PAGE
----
Thursday, 26 March 2009

Abortion advertising

There is news today about a three month consultation on the proposal to allow advertising of pregnancy advice services (though abortion will not be mentioned) and condoms on television, including before the watershed. The word consultation needs to be taken with a pinch or two of salt. I suggested it is a PR word for a done deal.Why a done deal? Because the Government and such services work hand in hand to promote "good sexual health" and to educate young people about safe and responsible sexual activities. In fact they have been working together for a long time and with so much success that we have the highest rate of teenage pregnacy in Europe and alarming levels of sexually transmitted diseases. So succsessful has this information and education strategy been that they now would like to extend it via television into our front rooms.

What seems to have missed their attention is that the strategy has failed. Time for Plan B? Not really, they don't have a Plan B which does not include promotion of their "services" and sale of their products, including abortion both surgical and medical. But like the War and the Germans abortion is something we musn't mention.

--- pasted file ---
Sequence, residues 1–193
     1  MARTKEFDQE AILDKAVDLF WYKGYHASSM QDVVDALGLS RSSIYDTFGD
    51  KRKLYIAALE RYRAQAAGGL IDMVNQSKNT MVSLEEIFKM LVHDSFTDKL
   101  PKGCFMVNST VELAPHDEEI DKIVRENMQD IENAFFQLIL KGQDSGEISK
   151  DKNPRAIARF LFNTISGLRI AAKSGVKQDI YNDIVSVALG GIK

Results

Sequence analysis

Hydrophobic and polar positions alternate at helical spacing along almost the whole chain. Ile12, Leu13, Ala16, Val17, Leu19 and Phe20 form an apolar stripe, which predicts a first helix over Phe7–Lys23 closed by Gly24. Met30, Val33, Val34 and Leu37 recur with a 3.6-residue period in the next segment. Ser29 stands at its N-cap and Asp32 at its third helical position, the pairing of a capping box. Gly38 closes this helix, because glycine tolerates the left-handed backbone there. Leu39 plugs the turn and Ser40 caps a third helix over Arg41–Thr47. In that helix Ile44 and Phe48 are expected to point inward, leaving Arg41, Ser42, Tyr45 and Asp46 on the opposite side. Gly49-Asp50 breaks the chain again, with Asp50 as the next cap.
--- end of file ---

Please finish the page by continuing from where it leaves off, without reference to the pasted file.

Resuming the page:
The reality is that while we have a popular culture that is built significantly around sex and the promotion of sex as a must have lifestyle issue, it is hardly suprising that young people, at whom large parts of this culture is directed, will be influenced in their "lifestyle" choices. These influences are present in television programmes, including TV soaps aimed at younger people. It is unavoidable in the music business and in promotional music videos and live shows. It is part of much popular literature and used to sell just about anything. Access to sex is also probably now regarded as a Human Right. So even the best "sexually educated" young person is going to find a great deal of counter pressure given the influences around them. And of course we have a significant teenage alcohol problem in this country which adds further pressure and risk. Education is going to have limited impact in the face of the power of popular culture. In fact, the statistical evidence of pregnancy and STD levels would suggest that the not inconsiderable education and health promotion efforts to date have had limited success.

These are the inevitable outcomes of society that over promotes the cult of celebrity and its attendant manifestations in popular culture. Until we begin to stop buying into the deceits of popular culture, education on sexual health and behaviour will continue to fail, wasting time, money and lives. Unfortunately the tactics of the educators too often mimic the style of pop culture to get their message across. Popular culture has nothing to offer in terms of sex eucation